Current Use and New Technology

      Blotting techniques have been widely employed for more than 30 years and have provided the foundation of our understanding of molecular biology. However, these techniques have been largely—and in some cases completely—usurped by new technologies (Table 1). Southern blots have been replaced by multiple techniques. Real-time PCR boasts incredible sensitivity; theoretically, this method is able to detect even a single copy of the target sequence and compare relative copy numbers across samples rapidly and reliably, with little technical expertise required. Fluorescent in situ hybridization (FISH) allows detection of specific sequences within a tissue sample with high sensitivity and precise localization. Northern blots have given way to reverse-transcription real-time PCR, again a more sensitive and more user-friendly technique. Both PCR and FISH also boast more accurate determination of the quantity of the target present, another major advantage.
      Table 1Blotting techniques
      Table thumbnail gr3
      Western blots are still considered by many to be a gold standard for examining protein expression, and they are still used routinely in research. In a single recent issue of the Journal of Investigative Dermatology, three studies employed western blotting (
      • Gordon K.
      • Kochkodan J.J.
      • Blatt H.
      • et al.
      Alteration of the EphA2/Ephrin-A signaling axis in psoriatic epidermis.
      ;
      • Kidwai F.K.
      • Liu H.
      • Toh W.S.
      • et al.
      Differentiation of human embryonic stem cells into clinically amenable keratinocytes in an autogenic environment.
      ;
      • Wang Z.
      • Kirkwood J.S.
      • Taylor A.W.
      • et al.
      Transcription factor Ctip2 controls epidermal lipid metabolism and regulates expression of genes involved in sphingolipid biosynthesis during skin development.
      ). Gordon et al. used it to confirm the expression of particular proteins in culture. In this case, the label was a radioisotope, and the images shown are X-ray films that were incubated layered on the membrane. It is important to note that western blotting was used even though the proteins’ mRNA was detected in the samples; this is because the presence of mRNA does not ensure the presence of the protein itself (Figure 2).
      Figure thumbnail gr2
      Figure 2Western blot analysis for expression of various proteins in culture. Radioactive labeled probes were used and blots were incubated overlying X-ray film.
      Reprinted with permission from
      • Gordon K.
      • Kochkodan J.J.
      • Blatt H.
      • et al.
      Alteration of the EphA2/Ephrin-A signaling axis in psoriatic epidermis.
      .
      Although the western blot continues to enjoy popularity, newer techniques including immunohistochemistry, immunofluorescence, and flow cytometry are more sensitive and precise, allowing examination of protein expression within whole preserved tissues or specific cell types and not requiring a homogenized sample. ELISA is another technique that has replaced the western blot in many settings; it may be mass produced to quickly and efficiently detect a known target and is frequently cheaper and less technologically complex than a western blot. Determination of the quantity of protein present is also more accurate and straightforward when compared with western blot. Another key advantage of ELISA (enzyme-linked immunosorbent assay) is that it does not typically require disruption of the three-dimensional structure of a target protein, allowing preservation of immunologic epitopes. However, in many settings, western blot can be rapidly and relatively inexpensively employed and may often provide the answer sought, thus explaining its continued popularity.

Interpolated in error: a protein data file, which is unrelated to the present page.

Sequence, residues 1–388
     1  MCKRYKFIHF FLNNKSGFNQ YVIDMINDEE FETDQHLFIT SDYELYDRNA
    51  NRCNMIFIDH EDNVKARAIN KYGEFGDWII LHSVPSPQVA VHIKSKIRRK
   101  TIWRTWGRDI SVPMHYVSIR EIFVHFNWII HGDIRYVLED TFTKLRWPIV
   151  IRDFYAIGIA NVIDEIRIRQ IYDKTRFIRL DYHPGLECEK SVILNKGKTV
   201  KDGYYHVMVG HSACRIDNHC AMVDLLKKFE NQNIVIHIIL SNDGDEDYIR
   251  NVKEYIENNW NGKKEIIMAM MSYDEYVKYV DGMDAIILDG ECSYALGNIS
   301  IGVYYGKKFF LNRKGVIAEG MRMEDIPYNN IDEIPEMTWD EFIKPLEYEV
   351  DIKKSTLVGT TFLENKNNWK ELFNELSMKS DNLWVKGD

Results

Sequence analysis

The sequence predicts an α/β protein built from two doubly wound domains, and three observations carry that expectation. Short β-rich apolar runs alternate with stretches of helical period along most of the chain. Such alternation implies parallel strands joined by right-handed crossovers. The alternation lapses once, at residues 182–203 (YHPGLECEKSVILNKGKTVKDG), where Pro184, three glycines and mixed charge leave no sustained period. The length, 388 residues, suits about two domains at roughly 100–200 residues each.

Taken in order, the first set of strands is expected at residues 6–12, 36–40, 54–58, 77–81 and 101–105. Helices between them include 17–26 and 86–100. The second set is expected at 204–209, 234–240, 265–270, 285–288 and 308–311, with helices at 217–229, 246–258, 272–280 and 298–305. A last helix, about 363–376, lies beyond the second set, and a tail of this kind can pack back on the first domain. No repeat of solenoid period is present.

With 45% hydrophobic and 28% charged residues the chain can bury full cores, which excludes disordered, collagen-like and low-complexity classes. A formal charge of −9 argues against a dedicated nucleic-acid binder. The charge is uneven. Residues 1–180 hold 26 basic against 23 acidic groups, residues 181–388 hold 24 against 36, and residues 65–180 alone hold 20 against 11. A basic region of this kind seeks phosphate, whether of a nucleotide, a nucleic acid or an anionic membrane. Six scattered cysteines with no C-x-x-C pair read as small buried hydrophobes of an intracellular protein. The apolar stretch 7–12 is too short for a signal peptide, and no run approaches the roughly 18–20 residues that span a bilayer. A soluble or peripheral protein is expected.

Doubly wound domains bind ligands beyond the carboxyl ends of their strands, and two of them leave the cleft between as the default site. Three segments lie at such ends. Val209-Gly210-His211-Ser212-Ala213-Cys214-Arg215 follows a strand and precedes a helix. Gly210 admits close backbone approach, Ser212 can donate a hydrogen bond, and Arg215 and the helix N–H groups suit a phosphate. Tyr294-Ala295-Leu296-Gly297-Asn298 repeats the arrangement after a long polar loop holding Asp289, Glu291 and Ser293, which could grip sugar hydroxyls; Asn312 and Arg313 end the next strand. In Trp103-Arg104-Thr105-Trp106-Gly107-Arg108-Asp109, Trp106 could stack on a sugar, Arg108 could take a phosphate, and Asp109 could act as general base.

Use in Clinical Practice

      Although these techniques are not frequently used in current clinical practice, they do have their place. Western blots are used to diagnose infectious diseases—most commonly and famously, HIV. Some clinical immunofluorescence laboratories employ western blotting techniques as confirmatory tests as well (such as detecting circulating anti–collagen VII antibody in epidermolysis bullosa acquisita or multiple anti–self proteins in paraneoplastic pemphigus, as above). Often, however, these clinical applications are supplanted by mass-produced ELISA with reduced cost and expedited throughput.
      Figure thumbnail fx2

      SUPPLEMENTARY MATERIAL

      Answers and a PowerPoint slide presentation appropriate for journal club or other teaching exercises are available at http://dx.doi.org/10.1038/jid.2013.216.

      REFERENCES

        • Gordon K.
        • Kochkodan J.J.
        • Blatt H.
        • et al.
        Alteration of the EphA2/Ephrin-A signaling axis in psoriatic epidermis.
        J Invest Dermatol. 2013; 133: 712-722
        • Kidwai F.K.
        • Liu H.
        • Toh W.S.
        • et al.
        Differentiation of human embryonic stem cells into clinically amenable keratinocytes in an autogenic environment.
        J Invest Dermatol. 2013; 133: 618-628
        • Southern E.M.
        Detection of specific sequences among DNA fragments separated by gel electrophoresis.
        J Mol Biol. 1975; 98: 503-517
        • Wang Z.
        • Kirkwood J.S.
        • Taylor A.W.
        • et al.
        Transcription factor Ctip2 controls epidermal lipid metabolism and regulates expression of genes involved in sphingolipid biosynthesis during skin development.
        J Invest Dermatol. 2013; 133: 668-676